Tuesday, July 18, 2017

Bush Hogging The North Field

I went out early in the morning to bush hog the north field, but when I got to the barn, I saw these two baby Starlings on the ground, next to the milk room. A Starling nests somewhere up in the insulation below the milk room roof, entering through the eave, each year. I had no way to put the babies back into the nest and could only hope the mother would find them, so all I could do was continue on into the barn and began my day:

 I have been seeing lots of Swallows, more than ever before, and had trouble identifying them. I caught this one on a wire and got a photo, deciding it was a Tree Swallow. I've also been seeing Swallows colored like Barn Swallows but without the long, forked tails. Now that I've got a nest of them, I have identified them as Cliff Swallows. The neighbors say they have Barn Swallows, but I haven't seen the nests. I don't know why the population explosion of Swallows, but I love it! This year there are fewer biting flies than previous years, and I think the swallows' swallowing them is the reason:

 Then I began bush hogging the north field, stopping to photograph wildflowers such as these beautiful Chicory flowers. They are the bluest of the blue. That is Pineapple Weed below them:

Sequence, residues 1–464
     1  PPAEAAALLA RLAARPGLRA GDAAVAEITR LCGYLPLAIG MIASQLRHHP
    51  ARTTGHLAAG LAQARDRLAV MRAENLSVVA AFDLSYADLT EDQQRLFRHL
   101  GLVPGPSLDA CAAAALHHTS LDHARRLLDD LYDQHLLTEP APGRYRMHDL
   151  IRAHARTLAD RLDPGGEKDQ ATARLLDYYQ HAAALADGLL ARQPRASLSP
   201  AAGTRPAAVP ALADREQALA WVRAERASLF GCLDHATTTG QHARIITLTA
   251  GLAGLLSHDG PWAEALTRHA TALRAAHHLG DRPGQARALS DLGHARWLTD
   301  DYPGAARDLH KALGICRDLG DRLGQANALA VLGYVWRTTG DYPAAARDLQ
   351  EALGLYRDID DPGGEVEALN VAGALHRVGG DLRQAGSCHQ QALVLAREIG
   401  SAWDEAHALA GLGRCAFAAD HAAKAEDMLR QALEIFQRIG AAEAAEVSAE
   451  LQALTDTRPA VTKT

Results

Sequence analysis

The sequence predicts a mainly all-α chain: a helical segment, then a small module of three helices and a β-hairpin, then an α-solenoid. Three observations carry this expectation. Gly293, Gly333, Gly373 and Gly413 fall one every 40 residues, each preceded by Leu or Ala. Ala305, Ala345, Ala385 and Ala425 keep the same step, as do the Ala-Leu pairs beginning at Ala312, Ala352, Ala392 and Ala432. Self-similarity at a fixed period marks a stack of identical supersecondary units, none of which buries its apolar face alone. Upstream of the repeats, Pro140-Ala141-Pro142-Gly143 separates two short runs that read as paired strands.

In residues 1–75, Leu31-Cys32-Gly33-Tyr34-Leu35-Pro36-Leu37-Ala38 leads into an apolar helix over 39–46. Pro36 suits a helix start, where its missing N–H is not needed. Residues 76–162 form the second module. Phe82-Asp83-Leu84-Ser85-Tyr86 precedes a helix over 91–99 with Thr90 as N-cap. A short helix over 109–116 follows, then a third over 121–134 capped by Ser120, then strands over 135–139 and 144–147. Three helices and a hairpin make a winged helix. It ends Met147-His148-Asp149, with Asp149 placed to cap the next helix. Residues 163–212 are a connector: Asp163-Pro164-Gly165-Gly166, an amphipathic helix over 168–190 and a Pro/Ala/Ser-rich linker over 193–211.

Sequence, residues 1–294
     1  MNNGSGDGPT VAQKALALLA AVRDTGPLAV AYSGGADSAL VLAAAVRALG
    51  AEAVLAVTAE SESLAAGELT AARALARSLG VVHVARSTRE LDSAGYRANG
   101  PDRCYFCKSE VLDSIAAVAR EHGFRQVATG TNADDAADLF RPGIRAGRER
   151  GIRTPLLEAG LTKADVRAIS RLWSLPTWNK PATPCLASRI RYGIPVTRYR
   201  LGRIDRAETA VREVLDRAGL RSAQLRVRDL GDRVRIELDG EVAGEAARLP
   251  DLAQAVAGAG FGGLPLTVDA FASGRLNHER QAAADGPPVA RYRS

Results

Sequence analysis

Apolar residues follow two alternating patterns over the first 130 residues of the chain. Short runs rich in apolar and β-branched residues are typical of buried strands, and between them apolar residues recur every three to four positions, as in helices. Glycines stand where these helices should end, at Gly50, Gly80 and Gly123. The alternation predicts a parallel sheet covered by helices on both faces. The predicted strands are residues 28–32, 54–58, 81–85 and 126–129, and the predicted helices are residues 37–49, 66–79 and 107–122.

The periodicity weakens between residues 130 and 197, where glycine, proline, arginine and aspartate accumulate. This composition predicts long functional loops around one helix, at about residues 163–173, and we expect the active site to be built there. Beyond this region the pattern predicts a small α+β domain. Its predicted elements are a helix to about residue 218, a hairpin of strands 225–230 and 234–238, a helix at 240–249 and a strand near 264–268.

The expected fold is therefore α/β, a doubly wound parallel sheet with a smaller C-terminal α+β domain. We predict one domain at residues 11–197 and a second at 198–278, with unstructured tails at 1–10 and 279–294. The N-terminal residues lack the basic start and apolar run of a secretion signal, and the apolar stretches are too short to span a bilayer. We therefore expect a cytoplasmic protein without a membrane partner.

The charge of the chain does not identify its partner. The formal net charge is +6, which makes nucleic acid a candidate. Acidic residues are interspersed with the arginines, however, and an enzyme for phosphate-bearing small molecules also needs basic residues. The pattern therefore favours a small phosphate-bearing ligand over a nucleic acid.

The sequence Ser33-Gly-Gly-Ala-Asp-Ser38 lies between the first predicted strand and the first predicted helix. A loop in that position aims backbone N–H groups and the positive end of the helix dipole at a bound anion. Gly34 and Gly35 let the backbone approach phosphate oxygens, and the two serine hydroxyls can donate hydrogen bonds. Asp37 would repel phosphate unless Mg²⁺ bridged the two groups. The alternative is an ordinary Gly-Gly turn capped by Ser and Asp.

I also stopped to spray paint any rocks which broke the surface of the ground:

 Common Milkweed, a problem plant as far as cattle are concerned, but with perhaps the sweetest perfume of any wildflower. And of course Monarch Butterflies require Milkweeds:

 I had two types of Thistles in the north field. I sprayed most of them with weed killer, but couldn't get them all. Bush hogging (I hope) will cut these off before they flower and produce seed. I searched my field guide and decided this kind was Canada Thistle:

 And this giant, invasive monster was, I decided, the aptly named Bull Thistle. They grow huge and they grow fast:
 

 While I was anxious to bush hog the thistles, I hated to do the same to the white Musk Mallows:

And the lovely pink Musk Mallows. It had to be done, though:

 Cow Vetch is everywhere and grows so low that the bush hog scarcely touched it:

 When I was all done, I removed the bush hog from the tractor and parked them both inside the barn. I was on my way back to the house when I saw a Starling flutter up from the ground. Then I noticed the babies were missing. Did some animal eat them? No, the mother had moved them around the corner, tucking them into the grass between the milk room and a lilac bush. A sad postscript to this story - the next morning, I discovered that a predator had gotten both babies:

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